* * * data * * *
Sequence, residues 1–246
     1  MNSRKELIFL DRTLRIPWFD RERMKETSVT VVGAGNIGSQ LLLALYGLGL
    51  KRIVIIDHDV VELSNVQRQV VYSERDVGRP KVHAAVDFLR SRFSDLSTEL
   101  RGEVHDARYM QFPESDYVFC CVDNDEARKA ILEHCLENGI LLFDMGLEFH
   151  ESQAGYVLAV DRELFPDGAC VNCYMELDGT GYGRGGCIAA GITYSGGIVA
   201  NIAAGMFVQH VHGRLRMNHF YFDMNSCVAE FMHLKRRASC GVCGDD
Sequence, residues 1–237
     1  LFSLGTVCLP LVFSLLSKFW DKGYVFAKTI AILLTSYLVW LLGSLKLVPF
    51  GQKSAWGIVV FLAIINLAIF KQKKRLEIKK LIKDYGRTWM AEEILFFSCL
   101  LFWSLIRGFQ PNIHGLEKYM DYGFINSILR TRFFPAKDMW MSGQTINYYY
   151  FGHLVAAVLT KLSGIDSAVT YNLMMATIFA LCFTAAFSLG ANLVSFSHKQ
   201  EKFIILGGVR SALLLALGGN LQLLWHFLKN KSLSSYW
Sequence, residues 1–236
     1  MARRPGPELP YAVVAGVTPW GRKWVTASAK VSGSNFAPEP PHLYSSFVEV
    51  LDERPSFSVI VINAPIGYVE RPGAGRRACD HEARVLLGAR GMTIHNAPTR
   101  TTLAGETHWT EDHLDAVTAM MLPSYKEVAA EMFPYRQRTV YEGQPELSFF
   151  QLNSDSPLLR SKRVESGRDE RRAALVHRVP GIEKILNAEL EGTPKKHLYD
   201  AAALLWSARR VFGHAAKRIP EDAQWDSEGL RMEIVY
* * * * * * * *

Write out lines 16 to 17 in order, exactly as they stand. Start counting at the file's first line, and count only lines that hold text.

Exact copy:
   101  TTLAGETHWT EDHLDAVTAM MLPSYKEVAA EMFPYRQRTV YEGQPELSFF
   151  QLNSDSPLLR SKRVESGRDE RRAALVHRVP GIEKILNAEL EGTPKKHLYD